A synagogue is a house of prayer, a place to learn to Torah and a place of gathering, Rabbi Israel Meir Lau told Congregation Beth Jacob members and guests Sunday afternoon, July 9.
The former Ashkenazi chief rabbi of Israel was the keynote speaker at the dedication of the Orthodox congregation’s main sanctuary after the first phase of extensive renovations aimed at enhancing comfort and spirit.
The shul moved to Toco Hills in 1962 from a downtown location on Boulevard. The redesign took about 5½ years and involved input from the board, clergy and congregants. The result is amazing, Rabbi Lau said.
“The renovation of such a sanctuary is very rare. I didn’t expect to see such a beautiful building,” he said during the dedication, the first time all but a handful of Beth Jacob members got to see the renovated sanctuary.
Architect Sandy Cooper said the shul was built in the 1960s with an inverted design, giving a feeling of being enclosed. When he began the redesign, he wanted to update the atmosphere.
The wood paneling above the sanctuary houses 12 stained-glass windows, each with a symbol representing one of the 12 tribes of Israel. The wood extends to a vaulted ceiling leading to a central stained-glass Magen David.
Glass windows in the bottom half of the walls open up the sanctuary to the outside world.
“It has a bigger feel. All of the windows were covered up. It was a beautiful design, but we replaced the windows to let people see inside and outside,” Cooper said.
Rabbi Lau spoke to the packed room about the importance of continuing the practice of Judaism. He emphasized the role of the synagogue in Jewish life and referred to Kristallnacht, when Nazis burned 1,046 synagogues and killed several hundred Jews.
The Nazis targeted synagogues because they understood that “Jewish existence, Jewish survival, is because of the shul. The shul is the heart of the Jewish people,” Rabbi Lau said. “If it is full of life, we are alive. If it is full of morality, we are here forever.”
The renovated sanctuary is dedicated to Rabbi Emanuel Feldman and his wife, Estelle, who joined the congregation as the rabbi and rebbetzin in 1952. Rabbi Feldman, who, like Rabbi Lau, flew in from Israel for the celebration, said the honor was a kind gesture, but the true dedication belongs to G-d, “who since its humble beginnings on Boulevard has provided us with hidden miracles.”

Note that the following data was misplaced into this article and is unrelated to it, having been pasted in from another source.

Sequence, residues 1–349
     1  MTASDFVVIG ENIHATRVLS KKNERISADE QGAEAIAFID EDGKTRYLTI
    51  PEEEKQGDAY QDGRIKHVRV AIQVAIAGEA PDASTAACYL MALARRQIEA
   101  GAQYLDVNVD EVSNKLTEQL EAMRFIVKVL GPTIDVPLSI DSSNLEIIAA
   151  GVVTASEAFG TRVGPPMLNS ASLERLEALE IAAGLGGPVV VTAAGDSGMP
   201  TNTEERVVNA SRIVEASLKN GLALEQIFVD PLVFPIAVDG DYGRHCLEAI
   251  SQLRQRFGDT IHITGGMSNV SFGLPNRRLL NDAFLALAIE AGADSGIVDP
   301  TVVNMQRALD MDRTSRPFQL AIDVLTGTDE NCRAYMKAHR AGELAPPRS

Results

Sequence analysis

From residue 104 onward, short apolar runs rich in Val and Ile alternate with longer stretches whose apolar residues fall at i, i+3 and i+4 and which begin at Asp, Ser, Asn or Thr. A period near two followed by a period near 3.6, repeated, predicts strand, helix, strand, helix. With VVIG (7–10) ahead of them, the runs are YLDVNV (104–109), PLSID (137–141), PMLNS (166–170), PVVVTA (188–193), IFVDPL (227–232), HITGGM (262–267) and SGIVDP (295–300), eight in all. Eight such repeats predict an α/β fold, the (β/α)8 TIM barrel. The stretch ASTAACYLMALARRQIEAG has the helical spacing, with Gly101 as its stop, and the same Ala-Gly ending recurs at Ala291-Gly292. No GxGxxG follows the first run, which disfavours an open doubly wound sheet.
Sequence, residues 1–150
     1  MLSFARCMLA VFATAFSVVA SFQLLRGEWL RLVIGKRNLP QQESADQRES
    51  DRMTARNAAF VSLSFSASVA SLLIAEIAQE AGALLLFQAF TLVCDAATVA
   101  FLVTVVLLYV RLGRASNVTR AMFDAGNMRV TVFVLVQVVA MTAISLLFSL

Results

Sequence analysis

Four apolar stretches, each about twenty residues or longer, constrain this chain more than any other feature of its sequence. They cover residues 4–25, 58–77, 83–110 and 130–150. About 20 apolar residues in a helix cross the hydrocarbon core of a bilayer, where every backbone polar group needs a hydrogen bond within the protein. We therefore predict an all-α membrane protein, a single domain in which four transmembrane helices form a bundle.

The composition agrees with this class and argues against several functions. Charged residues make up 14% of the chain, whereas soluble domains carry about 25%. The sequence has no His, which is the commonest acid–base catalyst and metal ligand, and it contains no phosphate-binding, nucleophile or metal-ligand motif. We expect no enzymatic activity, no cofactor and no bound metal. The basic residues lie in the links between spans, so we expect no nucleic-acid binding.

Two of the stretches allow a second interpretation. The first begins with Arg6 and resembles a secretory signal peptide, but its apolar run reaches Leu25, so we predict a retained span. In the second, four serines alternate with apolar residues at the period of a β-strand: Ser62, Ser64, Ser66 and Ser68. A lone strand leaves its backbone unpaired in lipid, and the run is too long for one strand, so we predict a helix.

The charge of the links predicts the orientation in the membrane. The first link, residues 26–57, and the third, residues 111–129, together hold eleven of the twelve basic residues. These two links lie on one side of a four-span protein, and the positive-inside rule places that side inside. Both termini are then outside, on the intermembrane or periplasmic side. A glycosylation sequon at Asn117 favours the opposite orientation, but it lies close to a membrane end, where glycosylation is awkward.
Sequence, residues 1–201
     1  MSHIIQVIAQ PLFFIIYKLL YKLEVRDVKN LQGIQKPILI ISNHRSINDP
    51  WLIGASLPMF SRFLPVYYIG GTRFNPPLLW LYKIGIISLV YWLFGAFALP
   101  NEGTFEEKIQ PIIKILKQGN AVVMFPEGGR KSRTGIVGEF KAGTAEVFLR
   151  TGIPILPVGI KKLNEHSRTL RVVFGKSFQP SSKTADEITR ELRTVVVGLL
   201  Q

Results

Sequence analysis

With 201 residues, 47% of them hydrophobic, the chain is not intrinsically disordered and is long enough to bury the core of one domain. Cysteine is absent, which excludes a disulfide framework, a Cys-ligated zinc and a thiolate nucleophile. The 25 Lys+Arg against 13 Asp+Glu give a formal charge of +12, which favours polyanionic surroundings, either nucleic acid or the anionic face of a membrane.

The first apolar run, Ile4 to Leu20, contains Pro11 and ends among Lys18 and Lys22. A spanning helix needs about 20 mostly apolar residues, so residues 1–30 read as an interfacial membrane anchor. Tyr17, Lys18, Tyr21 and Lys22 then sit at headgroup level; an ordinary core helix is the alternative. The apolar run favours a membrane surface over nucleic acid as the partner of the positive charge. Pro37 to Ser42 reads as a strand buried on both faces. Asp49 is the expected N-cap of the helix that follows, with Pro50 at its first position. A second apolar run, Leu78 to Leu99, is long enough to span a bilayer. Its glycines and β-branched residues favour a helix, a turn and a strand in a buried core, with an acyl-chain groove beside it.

Rabbi Feldman credited Beth Jacob’s founders for taking a chance on a young, inexperienced man who had a vision for a shul that would revive the Orthodox community in Atlanta.
“We’ve grown up together. When I came here, I was 24 years old. My beard was not yet black, much less white,” he said, laughing.
Though they didn’t always know or agree with where Rabbi Feldman was going, the members stayed the course, eventually supporting his decision to install a full mechitzah despite criticism from the board.
Almost 65 years later, a new, high-tech mechitzah stands as a part of the renovation. Rabbi Feldman said it is one of the most creative mechitzahs he has seen.
“It’s the only one where the women can see everything and the men can see nothing, which is a paradigm for real life,” the rabbi said. “There’s only one other being who can see everything but can’t be seen. What’s that say about our women … that they are G-dly?”
The women’s section cheered the suggestion.
The mechitzah, which sits on the right side of the sanctuary when facing the bimah, still needs to have its lighting fine-tuned to complete the effect of one-way visibility.
Rabbi Ilan Feldman, who succeeded his father as Beth Jacob’s senior rabbi 25 years ago and marked his 63rd birthday July 9 while the congregation celebrated its renovations and a new Torah donated in memory of Edward Kesten, said the sanctuary design is symbolic of the mission of the shul: “To bring the word of G-d to the entire world. We share it with others because we know if they don’t have it, we don’t have it.”
Cooper took the vision and dreams of the congregation to create a beautiful space that is both a modern and ancient representation of the Jewish people, the younger Rabbi Feldman said.
“It’s a perfect match for the spiritual characteristics of life,” the rabbi said. “It represents the spiritual energy and grace of the community.”
Correction: A previous version of this article overstated the death toll from Kristallnacht.
Photos by Michael Jacobs